National security is the requirement to maintain the survival of the state through the use of economic power, diplomacy, power projection and political power. Initially focusing on military might; it now encompasses a broad range of facets, all of which impinge on the non-military or economic security of the nation and the values promoted by the domestic society. Accordingly, to possess national security, a nation needs to also possess economic security, energy security, environmental security, etc. Security threats involve not only conventional foes such as other nation-states but also non-state actors such as violent non-state actors and narcotic cartels.

Peace is defined as a time without any fights or wars. In a broader sense, peace can mean a state of harmony, quiet or calm that is not disturbed by anything at all. A person who is not able to go about the ordinary business of life without the constant threat of violence cannot said to be living in a state of peace. Peace within and among states is a goal of people and organizations.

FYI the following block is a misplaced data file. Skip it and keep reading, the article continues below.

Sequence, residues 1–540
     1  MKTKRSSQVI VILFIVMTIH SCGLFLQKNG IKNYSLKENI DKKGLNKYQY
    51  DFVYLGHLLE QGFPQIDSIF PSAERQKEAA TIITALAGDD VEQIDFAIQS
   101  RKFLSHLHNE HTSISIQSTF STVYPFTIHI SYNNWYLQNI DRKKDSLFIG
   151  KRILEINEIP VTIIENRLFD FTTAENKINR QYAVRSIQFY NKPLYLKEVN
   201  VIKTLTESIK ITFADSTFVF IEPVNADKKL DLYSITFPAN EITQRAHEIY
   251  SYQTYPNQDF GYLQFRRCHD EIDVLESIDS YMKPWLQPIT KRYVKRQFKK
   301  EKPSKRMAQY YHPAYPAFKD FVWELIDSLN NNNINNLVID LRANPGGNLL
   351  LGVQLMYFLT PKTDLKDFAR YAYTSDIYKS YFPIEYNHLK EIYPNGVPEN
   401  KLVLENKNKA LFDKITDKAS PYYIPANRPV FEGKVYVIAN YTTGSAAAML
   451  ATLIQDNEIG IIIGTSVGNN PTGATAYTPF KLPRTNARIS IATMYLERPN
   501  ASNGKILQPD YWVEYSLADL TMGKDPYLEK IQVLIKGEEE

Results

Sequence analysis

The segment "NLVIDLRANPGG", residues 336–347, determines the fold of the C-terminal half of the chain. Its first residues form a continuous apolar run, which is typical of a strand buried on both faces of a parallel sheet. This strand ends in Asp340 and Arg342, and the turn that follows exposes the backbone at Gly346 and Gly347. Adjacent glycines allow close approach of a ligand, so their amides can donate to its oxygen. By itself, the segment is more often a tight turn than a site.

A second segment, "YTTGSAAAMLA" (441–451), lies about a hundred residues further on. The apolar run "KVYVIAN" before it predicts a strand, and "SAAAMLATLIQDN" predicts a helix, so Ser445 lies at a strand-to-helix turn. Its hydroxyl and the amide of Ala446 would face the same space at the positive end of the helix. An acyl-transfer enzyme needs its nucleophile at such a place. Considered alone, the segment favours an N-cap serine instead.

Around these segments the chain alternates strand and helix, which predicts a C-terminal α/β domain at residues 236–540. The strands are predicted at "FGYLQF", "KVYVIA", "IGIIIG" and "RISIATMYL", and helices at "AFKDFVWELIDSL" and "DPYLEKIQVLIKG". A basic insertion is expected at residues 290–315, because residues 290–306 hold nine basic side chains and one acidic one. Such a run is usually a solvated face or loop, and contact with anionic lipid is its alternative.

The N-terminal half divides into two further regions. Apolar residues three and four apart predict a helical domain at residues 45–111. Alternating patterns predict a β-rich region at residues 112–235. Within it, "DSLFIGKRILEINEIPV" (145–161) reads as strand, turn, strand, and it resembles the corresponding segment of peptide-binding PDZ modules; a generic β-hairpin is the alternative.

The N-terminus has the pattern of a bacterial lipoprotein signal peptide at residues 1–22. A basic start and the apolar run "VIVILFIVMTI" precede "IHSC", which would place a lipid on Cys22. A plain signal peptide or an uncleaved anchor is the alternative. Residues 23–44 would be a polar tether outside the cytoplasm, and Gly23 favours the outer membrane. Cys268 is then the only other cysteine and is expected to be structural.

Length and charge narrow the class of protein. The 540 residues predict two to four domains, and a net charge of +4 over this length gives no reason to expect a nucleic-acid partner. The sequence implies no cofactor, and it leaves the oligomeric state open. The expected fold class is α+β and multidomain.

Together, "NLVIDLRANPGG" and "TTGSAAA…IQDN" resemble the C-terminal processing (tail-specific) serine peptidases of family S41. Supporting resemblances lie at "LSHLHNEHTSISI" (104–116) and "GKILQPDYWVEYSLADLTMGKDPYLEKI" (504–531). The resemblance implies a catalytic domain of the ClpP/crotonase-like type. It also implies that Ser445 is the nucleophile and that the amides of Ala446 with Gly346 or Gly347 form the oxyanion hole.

Economic growth is the increase in market value of the goods and services produced by an economy over time. It is conventionally measured as the percent rate of increase in real Gross Domestic Product (real GDP).

With national security intact, which also include economic or financial security, there are less internal conflicts and as a result peace in the country is secured. Regional and international peace comes when countries are more secure from external conflicts and threats. Strongly secured countries face fewer internal and external threats than weakly secured countries.